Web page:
This speech was presented by Futao Motai at the Kenshiro Abbe Jubilee Celebration on May 14, 2005 at the Crystal Palace Sports Centre London, UK.
Ladies and Gentlemen,
Thank you very much for inviting me to the memorable occasion of the 50th anniversary of the introduction of Aikido into the United Kingdom. It is my highest honor to be with you to celebrate 50 years of Aikido in the UK. I am also thrilled to see so many guests from the whole range of Budo disciplines, including of course Aikido but also Judo, Kendo, Karate and so on.
May I also say how happy I am that these celebrations have been included under the banner of the 2005 EU-Japan Year of Exchanges. More than 100 events have been arranged for the UK so far, which shows a healthy level of interest in this initiative.
As we meet today, it is clear that relations between Japan and the United Kingdom have never been better. This is not something that has come out of the blue, but reflects the tireless efforts and dedication of numerous people and organisations on both sides. Perhaps we can gauge the extent of the progress in our bilateral relations, and the significance of the achievement we are celebrating today, by considering what the world was like 50 years ago, just 10 years after the end of World War II.
In Japan at that time, people were living from hand to mouth, quite literally. The country had still not recovered from the devastation of war, and relations with the outside world were at rock bottom.
There were no smooth lines of communication between here and Japan. Air travel linking the two countries was almost non-existent. It must therefore have required a tremendous amount of energy and time for Mr Abbe to plan and realize a trip abroad. Nonetheless, despite such trying circumstances, he did whatever it took and made his way to the UK.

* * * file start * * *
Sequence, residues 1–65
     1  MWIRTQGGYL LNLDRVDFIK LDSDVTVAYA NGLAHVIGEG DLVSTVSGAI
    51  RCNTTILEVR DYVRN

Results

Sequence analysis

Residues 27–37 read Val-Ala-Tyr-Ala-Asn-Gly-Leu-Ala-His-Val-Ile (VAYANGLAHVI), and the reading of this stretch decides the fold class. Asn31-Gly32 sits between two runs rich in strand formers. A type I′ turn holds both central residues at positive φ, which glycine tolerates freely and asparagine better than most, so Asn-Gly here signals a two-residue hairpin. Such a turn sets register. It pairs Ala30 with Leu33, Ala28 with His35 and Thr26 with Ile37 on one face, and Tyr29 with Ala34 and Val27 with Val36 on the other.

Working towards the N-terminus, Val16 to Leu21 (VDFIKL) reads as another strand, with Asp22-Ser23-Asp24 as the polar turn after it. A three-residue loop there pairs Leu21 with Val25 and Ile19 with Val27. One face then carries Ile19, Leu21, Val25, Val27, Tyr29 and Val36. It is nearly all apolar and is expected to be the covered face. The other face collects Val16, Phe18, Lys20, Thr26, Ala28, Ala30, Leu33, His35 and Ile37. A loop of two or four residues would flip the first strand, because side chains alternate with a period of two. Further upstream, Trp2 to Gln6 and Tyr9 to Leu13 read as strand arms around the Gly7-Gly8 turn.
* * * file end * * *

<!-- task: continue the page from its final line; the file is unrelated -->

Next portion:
I understand that his trip was made possible thanks to an invitation from the London Judo Society. It must have required enormous courage for the Society, in such acrimonious circumstances, to issue an invitation to someone from a country with which the UK had recently been at war. I would therefore like to pay tribute to the perseverance and determination of both Mr Abbe and the London Judo Society in making his visit possible.
The fact that the London Judo Society identified Mr Abbe and nobody else as the person to be invited shows the extent to which he already stood out at that time. And no wonder.
Born in 1915, he started Judo at the age of 3. He was awarded the 5th Dan when only 18. His progress continued, and in 1945 at the age of 30 he reached the level of 7th Dan in Judo and 6th Dan in Kendo. In 1949, he took up the position of Chief Instructor to the Kyoto Police and Doshisha University.
After Mr Abbe came to London, his road was by no means smooth. On the contrary, it was full of ups and downs.
First of all, he was obliged to sever his links with the London Judo Society due to a disagreement concerning their approach to martial arts. Then, during his absence between 1964 and 1969, his Judo Council embarked on a course that was contrary to his philosophy.
However, during such a turbulent life, he constantly adhered to the philosophy underpinning all the martial arts, whether Judo, Kendo, Karate or Aikido, which emphasises spiritual harmony.
Mr Abbe promoted Aikido in word as well as in deed. He has left quite a legacy here in the UK, where the traditional martial art of Aikido is in such rude health.
I am sure he would be delighted to see you all, chips off the old block, celebrating the 50th jubilee today. In fact, if I may paraphrase a Japanese expression, I daresay he is smiling in his grave.
This speech was delivered at an event which took place on May 14, 2005 at the Crystal Palace Sports Centre London, UK.